I won’t disclose many more plot points in this approximately four-and-a-half-hour Wagnerian marathon directed by Rhode Islander Louisa Muller. Suffice it to say that Wagner and his opera grapple with themes of sexual repression, original sin and religious zealotry. Tannhäuser exposes the madness of the medieval mentality, that juxtaposes the Apollonian against the Dionysian, the spiritual versus the sensuous, redemptive love opposed to libertinism. More recently we’d call this psychosexual wrestling match the “Madonna-whore complex.” In any case, Tannhäuser dramatizes inner conflicts, the divided self and guilt over sexuality, with predictably dire consequences.

Conducted by New Yorker James Conlon, Wagner’s music is often glorious, ranging from celestial harps to thunderous horns, along with Californian Grant Gershon’s direction of the LA Opera Chorus’ mellifluous musings. From my balcony perch I had the added delight of being able to observe the maestro wave his magic wand and see the musicians make their magic happen. The costumes by Pilz and Virginian Misty Ayres are a mélange of the medieval and modern dress, while the dress-like garments adorning Venusberg’s merrymakers had a gender bender vibe in LA Opera’s mounting of the original production by Englishman Ian Judge.

[Plot spoiler alert:] Wagner slyly turns the convention that the sexually liberated woman (especially one who – shudders! – has the nerve to actually enjoy sex) must suffer for her “sins”, an endlessly recurring motif from the Bible’s Jezebel to Glenn Close’s character in Fatal Attraction and beyond. But in Tannhäuser, it is the “virtuous” female who pays the ultimate price, while Venus, that life force, survives to make love another day (and night). When the court’s cohorts turn on Tannhäuser and want to kill him, it is none other than the woman whom he has supposedly offended by addressing his lusty song to and daring to touch, who saves him. I suspect this was Wagner’s way of saying that despite her enforced chastity, Elisabeth spares Tannhäuser’s life because she’s flattered by his advances and secretly yearns and burns to have sex with the minstrel knight.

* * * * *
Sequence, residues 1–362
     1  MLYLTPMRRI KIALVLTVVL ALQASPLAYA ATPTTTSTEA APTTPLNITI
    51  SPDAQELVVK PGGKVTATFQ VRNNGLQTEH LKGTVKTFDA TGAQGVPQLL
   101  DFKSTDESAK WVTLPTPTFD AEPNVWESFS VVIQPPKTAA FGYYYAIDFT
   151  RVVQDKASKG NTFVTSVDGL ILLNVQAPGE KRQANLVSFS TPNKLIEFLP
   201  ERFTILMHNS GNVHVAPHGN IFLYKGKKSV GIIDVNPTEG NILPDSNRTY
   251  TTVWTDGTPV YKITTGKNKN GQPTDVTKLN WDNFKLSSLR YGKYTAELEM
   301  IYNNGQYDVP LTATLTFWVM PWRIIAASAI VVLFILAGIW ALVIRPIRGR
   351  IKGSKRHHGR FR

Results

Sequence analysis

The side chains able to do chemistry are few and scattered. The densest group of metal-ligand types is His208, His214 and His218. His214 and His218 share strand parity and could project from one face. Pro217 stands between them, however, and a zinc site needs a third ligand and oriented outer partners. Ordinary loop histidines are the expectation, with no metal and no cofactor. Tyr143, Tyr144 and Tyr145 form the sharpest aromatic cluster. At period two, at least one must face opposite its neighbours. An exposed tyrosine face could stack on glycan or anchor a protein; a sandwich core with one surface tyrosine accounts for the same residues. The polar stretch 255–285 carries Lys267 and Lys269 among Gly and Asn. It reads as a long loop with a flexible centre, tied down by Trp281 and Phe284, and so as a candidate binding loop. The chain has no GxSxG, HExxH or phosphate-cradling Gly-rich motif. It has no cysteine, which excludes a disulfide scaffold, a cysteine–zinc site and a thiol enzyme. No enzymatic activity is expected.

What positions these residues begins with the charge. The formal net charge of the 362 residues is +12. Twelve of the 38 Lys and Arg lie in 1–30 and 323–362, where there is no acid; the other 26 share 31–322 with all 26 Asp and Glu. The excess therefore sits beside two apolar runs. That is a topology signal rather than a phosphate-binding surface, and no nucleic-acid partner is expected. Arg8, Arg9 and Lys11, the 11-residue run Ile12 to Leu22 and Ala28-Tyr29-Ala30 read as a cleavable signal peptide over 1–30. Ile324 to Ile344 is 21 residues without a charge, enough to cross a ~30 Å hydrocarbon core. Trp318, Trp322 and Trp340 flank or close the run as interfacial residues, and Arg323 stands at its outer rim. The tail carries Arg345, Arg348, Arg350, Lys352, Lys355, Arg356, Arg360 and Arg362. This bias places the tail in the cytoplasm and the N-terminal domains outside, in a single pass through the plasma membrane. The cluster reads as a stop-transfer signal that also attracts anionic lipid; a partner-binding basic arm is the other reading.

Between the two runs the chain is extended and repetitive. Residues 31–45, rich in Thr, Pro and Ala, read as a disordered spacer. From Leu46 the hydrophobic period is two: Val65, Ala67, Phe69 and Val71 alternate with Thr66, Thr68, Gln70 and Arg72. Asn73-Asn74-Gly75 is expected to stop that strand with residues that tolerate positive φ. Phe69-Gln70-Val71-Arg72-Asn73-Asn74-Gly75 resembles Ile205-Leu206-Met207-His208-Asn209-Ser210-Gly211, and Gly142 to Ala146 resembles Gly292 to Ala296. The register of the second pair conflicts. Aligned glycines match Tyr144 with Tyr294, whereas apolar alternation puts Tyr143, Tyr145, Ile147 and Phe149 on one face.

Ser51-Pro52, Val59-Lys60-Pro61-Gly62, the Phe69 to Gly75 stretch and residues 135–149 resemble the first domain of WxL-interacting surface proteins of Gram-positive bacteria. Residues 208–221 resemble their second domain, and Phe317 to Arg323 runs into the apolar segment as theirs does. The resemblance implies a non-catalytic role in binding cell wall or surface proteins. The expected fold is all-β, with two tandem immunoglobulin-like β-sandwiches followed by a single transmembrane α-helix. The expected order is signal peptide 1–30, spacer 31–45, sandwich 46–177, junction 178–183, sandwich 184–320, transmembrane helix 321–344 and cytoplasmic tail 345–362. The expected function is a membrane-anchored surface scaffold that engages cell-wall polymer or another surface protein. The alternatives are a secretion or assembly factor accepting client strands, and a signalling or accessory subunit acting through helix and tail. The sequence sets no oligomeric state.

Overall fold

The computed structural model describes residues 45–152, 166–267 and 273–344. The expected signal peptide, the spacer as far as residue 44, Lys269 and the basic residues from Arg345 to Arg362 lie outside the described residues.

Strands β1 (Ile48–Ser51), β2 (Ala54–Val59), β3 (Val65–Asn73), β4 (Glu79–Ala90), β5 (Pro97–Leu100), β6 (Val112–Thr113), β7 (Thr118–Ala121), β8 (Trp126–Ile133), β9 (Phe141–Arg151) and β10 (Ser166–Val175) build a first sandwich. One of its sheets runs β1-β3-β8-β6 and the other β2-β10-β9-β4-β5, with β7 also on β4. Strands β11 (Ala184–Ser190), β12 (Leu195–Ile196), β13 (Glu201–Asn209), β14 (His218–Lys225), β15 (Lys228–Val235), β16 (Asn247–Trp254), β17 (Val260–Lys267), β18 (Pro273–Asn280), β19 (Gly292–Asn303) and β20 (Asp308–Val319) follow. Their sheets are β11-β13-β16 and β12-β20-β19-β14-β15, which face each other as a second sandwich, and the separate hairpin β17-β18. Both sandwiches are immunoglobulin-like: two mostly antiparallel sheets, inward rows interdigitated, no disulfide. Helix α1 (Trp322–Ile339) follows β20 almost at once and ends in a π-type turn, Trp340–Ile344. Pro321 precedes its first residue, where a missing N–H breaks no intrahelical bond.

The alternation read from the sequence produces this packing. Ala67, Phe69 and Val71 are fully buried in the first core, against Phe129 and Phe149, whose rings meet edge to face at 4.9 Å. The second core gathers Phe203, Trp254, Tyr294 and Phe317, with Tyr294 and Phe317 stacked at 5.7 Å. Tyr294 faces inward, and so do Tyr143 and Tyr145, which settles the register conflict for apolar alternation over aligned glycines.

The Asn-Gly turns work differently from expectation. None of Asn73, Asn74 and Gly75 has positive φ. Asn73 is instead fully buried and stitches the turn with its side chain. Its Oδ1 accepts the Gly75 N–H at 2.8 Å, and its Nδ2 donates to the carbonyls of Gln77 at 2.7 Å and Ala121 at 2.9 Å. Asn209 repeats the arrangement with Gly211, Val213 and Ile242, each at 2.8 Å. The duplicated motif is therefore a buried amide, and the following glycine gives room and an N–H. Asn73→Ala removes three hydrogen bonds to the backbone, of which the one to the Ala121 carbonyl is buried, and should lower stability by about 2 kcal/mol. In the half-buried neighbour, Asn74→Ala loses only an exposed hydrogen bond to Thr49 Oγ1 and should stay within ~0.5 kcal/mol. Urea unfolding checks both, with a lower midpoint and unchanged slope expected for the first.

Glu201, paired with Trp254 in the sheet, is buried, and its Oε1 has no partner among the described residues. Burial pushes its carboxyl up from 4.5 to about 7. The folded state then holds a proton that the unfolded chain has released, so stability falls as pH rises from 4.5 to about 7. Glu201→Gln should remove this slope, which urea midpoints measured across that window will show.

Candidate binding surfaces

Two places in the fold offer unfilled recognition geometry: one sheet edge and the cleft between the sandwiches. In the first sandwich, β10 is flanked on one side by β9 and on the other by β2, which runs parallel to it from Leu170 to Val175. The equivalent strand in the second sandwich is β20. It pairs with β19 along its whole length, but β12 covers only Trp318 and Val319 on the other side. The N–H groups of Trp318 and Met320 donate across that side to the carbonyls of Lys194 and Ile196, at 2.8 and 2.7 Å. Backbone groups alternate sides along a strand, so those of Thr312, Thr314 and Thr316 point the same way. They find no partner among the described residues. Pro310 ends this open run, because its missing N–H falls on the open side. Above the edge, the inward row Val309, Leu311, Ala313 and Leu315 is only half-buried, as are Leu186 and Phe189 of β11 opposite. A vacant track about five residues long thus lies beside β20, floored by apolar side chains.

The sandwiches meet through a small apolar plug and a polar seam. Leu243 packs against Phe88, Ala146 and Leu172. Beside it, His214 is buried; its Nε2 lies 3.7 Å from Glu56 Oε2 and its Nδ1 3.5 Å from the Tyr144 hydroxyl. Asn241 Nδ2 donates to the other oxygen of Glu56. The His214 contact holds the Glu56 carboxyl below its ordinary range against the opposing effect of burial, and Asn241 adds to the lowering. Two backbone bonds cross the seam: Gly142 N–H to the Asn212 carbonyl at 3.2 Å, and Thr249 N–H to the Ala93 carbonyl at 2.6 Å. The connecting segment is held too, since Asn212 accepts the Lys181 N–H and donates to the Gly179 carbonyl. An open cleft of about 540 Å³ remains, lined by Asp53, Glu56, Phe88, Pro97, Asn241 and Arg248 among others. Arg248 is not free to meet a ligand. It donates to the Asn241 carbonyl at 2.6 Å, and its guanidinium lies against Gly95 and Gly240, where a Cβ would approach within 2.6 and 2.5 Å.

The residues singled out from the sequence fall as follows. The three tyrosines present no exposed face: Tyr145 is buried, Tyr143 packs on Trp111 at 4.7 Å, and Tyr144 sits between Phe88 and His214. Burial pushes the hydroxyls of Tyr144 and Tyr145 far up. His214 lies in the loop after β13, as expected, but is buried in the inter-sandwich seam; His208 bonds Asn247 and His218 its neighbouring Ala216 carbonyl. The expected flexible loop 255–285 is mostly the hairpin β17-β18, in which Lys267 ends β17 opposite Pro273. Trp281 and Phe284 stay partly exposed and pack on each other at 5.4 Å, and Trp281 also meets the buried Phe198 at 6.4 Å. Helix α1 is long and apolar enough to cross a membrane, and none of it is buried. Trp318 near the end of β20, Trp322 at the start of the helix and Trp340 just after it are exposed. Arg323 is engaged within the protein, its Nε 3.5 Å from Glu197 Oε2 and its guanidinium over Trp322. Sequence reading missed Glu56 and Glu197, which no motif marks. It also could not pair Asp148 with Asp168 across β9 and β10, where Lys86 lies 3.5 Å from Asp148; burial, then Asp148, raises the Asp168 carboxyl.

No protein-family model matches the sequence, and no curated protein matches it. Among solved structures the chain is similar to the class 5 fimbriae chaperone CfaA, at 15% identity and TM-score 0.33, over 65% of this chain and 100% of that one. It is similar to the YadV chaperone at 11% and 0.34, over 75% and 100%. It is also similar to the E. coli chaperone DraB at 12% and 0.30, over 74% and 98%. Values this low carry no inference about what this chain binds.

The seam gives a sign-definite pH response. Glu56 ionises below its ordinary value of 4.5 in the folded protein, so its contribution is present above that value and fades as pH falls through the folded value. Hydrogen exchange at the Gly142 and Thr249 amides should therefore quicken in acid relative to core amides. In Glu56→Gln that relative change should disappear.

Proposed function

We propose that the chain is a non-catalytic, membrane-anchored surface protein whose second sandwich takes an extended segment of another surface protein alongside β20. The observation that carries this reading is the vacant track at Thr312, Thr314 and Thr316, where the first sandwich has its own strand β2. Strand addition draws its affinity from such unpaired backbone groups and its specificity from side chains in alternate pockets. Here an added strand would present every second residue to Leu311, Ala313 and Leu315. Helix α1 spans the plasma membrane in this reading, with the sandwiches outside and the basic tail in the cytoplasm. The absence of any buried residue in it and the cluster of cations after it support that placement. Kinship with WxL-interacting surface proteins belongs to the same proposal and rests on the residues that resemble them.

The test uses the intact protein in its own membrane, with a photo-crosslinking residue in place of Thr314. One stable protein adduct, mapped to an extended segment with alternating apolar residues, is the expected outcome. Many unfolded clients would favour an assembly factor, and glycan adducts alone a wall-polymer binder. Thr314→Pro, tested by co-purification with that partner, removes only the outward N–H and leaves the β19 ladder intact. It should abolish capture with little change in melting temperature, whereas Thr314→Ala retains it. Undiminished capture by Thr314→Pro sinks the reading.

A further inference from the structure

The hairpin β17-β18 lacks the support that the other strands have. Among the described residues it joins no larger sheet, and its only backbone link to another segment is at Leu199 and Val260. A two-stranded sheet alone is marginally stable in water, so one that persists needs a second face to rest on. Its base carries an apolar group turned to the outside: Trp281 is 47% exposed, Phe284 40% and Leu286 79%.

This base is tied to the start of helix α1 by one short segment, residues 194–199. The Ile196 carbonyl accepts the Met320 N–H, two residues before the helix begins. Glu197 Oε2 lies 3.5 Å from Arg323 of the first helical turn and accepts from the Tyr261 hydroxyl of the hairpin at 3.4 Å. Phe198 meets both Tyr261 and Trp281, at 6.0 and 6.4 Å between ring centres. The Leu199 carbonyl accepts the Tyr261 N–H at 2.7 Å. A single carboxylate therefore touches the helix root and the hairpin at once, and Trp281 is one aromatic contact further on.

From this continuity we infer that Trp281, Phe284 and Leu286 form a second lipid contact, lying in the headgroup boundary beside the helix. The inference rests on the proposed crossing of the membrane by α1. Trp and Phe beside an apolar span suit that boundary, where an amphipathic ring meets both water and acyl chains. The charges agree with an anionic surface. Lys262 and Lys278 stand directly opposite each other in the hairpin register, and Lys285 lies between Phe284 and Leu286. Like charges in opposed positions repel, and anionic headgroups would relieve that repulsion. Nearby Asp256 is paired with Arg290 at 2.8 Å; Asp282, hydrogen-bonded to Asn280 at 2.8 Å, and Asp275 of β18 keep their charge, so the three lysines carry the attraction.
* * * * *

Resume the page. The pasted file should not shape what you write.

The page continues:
During the opera Venusberg is foolishly referred to as “hellish.” In fact, judging by objective criteria and especially in comparison with the repressed fanaticism of Thuringia’s deluded brainwashed residents, Venusberg was quite heavenly. In retrospect, as Venus the eternal pleasure seeker warned him, Tannhäuser was mistaken to leave that sexual Shangri La. The pagan goddess is far more forgiving than the pope. An interesting observation Wagner also seems to make is that in world history, Europeans brought Christianity to the Third World to civilize the heathens. But in Tannhäuser the pagan religion is of European origin, as Venus was an ancient Roman goddess, while over the centuries Christianity was actually imported from the Middle East to the West. And that deity of desire knew what in life was best.

Tannhäuser is being presented until 2:00 p.m., Oct. 24; 7:30 p.m., Oct. 27; 2:00 p.m., Oct. 31; 7:30 p.m. Nov. 3 and Nov. 6 at the Dorothy Chandler Pavilion, 135 N. Grand Avenue, Los Angeles CA, 90012. For tickets: Tannhäuser | LA Opera; (213)972-8001.